The storyline is simple: five ex-soldiers from Guangzhou province make their way illegally to Hong Kong, where they plan to rob a jewellery store and then return to the mainland — all in one weekend. A very profitable round-trip for everyone involved.
The gang is led by Tung (Lam Wai) who has been living in Hong Kong and has arranged the robbery from there. His team is made up of ex-PLA grunts who live a hand-to-mouth existence where everything has a price. They are opportunistic and brutal, as the opening minutes explicitly show. Of the group, the nominal leader is Chubby (Wong Kin). Another member, Bullseye (Lam Seung-Sam) calculates they will each make more money in one weekend in Hong Kong than a hundred years’ worth of their current wages. Rooster (Chan Ging) is more interested in visiting Hong Kong’s massage parlours than being rich for life, whilst Blockhead (Fong Li), a henpecked husband, is worried he won’t find time to shop for his wife. On the eve of the robbery, Chubby awakes to hear his grandmother praying for her grandson’s safe return… with a lot of money.
It’s on the weekend before Christmas that the robbers decide to strike; they are amazed at how lax the security is in the jewellery stores. What happens in the minutes leading up to the robbery in many ways sets the film’s narrative and will be a genuine surprise to the viewer. What follows is Long Arm of The Law’s first great action sequence, slapstick in its execution but deadly serious in its intent.
The gang now finds themselves stranded in Hong Kong. Tung does a deal with a decidedly slippery underworld go-between named Tai (Shum Wai), which sees the robbery back on in three days’ time.
It’s here where the director and writer dispassionately break down the myth that Hong Kong is the answer to the desperate and impoverished lives of many mainlanders. (Remember, this is back in 1983.) “We lived like dogs in China,” comments gang member Chung to a past girlfriend, Sheung, who now works as a hostess in a Kowloon nightclub. The fact that Hong Kong doesn’t offer safety or sanctuary to illegal immigrants is ignored — what Hong Kong offers is hope. It also presents the fantasy of returning to the ancestral village and living out one’s life in luxury. Ironically, it’s this dream which keeps droves of mainlanders illegally in Hong Kong. Johnny Mak shows the audience that being at the bottom of the heap is not purely a matter of geography.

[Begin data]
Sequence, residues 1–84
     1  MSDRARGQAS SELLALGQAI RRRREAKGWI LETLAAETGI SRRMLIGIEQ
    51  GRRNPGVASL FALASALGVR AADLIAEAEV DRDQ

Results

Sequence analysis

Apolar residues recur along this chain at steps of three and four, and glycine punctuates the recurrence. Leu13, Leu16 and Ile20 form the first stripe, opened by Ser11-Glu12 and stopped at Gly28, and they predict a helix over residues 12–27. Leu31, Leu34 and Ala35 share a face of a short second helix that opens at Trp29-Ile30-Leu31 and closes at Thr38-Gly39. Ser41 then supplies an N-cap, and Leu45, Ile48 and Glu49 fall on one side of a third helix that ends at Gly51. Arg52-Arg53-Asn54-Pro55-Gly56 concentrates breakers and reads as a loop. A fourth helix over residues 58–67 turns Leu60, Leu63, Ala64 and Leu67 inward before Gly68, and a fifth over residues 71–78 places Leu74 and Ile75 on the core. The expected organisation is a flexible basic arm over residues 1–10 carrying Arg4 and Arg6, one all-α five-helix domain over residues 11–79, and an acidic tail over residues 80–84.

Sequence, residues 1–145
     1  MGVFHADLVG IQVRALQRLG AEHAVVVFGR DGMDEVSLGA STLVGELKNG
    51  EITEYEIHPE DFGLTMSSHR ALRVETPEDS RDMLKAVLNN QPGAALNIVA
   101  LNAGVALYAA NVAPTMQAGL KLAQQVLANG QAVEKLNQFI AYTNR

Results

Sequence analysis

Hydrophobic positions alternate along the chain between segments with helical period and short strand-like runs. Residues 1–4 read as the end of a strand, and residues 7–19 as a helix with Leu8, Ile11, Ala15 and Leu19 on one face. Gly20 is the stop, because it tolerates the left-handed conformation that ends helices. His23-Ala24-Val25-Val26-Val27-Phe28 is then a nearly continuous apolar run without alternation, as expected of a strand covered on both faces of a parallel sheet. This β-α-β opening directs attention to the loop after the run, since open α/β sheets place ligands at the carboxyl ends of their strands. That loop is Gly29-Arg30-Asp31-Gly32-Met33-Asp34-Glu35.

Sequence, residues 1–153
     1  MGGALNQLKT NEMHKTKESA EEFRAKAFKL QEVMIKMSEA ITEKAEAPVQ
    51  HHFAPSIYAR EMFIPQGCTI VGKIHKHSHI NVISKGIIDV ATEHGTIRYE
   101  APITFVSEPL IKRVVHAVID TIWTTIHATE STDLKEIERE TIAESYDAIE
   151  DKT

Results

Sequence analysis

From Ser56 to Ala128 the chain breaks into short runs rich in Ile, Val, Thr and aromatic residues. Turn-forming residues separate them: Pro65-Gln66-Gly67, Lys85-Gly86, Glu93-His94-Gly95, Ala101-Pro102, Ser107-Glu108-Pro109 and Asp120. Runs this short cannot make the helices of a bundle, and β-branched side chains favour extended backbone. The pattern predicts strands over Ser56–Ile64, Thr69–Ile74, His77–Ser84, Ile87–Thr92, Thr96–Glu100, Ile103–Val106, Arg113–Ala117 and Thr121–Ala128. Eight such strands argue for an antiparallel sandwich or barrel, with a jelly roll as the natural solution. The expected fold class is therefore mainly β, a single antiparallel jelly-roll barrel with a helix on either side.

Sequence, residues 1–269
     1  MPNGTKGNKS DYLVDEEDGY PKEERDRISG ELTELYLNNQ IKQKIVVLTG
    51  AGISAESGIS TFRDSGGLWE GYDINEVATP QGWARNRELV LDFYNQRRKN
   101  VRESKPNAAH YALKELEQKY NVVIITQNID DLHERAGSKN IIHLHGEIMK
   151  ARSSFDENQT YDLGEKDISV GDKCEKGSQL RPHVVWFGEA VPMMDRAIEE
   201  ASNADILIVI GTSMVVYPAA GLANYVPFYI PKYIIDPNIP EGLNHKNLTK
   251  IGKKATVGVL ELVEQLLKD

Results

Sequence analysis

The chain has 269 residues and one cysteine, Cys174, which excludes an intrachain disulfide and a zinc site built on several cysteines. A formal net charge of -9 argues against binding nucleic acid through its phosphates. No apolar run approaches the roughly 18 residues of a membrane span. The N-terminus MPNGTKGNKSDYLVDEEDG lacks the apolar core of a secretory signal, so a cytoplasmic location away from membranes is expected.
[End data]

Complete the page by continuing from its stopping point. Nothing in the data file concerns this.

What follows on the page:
Hong Kong is depicted as a wonderland to our fish-out-of-water villains: the nightclubs, the fast food, the luxury hotels. And it’s well done, not just a series of childish pranks or reactions — it’s subtle and often very effective. A scene where a small shrine is made up of cigarettes and junk food is played completely straight. Mak doesn’t talk down to or send up his mainland gang — there are no caricatures here.
But there is a dark side which the filmmakers don’t shy away from, one vividly shown in a scene where Rooster holds a gun to a woman’s head and demands sex. These boys might not be committed communists but they do know from first-hand experience that power definitely comes from a barrel of a gun.
In the days between the robberies, Tung is manipulated by Tai into killing a rival of his, one who actually turns out to be a Hong Kong police detective. Tung and his team’s reactions to finding out about the dead cop show how effective and brutal these ex-military personnel can be. This sequence takes place in a multi-level car park and demonstrates why Long Arm of The Law has a reputation as such a tough-minded gangster picture.
The officer given the task of apprehending this particular Big Circle gang is Inspector Lee (Ng Hoi-Tin), a true martinet with an almost pathological hatred of Tung and his ilk, describing them as “rats to be exterminated.”
The robbery is carried out in broad daylight and an unhindered getaway looks possible. But the gang learns the treacherous Tai has sold them out to the police. A series of prolonged street skirmishes ends with Tung leading his crew into Kowloon’s Walled City, a notorious precinct for Hong Kong’s criminals.
For nearly 100 years the Walled City existed in a legal and political limbo, thus attracting a lawless population. For decades Hong Kong’s authorities were unsure of their legal standing in these squalid slums. But, as in all good filmmaking, director Mak totally rejects reality and sends Inspector Lee’s men in to hunt down and kill the rats. This probably held great appeal for Hong Kong audiences on the film’s initial release.
The final twenty minutes of Long Arm of The Law has not lost any of its sheer visceral power. Full credit goes to Johnny Koo (As Tears Go By) for his low-light cinematography, and action choreographers Sammo Hung and Billy Chan, who plot the trail of bloodshed and destruction as police and ex-soldiers battle each other through the narrow lanes and stairways which connect this urban maze.
There’s a particular scene where cops and criminals unwittingly meet at a laneway juncture. A scene that could have been played out as high farce instead ignites a most brutal close-quarters gunfight — with moments reminiscent of the best bullet ballets from Sam Peckinpah’s The Wild Bunch.
Director Mak subtly evokes the lead-up to the famous screen finale in The Wild Bunch, where the Chinese gang, like Peckinpah’s train robbers, have a chance to escape at the expense of one of their number. It’s then the film slightly diverges from the legendary Western, with a memorable series of quick cuts which deliver an image that must have burnt into the psyche of then young Canto director, John Woo.
Considering the violence and excitement of this extended pursuit, the closing passage of the film is strangely numbing — there’s no catharsis and there’s not a hint of redemption, nor any overwhelming feeling of retribution. It has a hollow coldness which leaves the audience untouched… or so you think.
Long Arm of The Law is one of the great films of the Cantonese cinema — and it deserves your attention.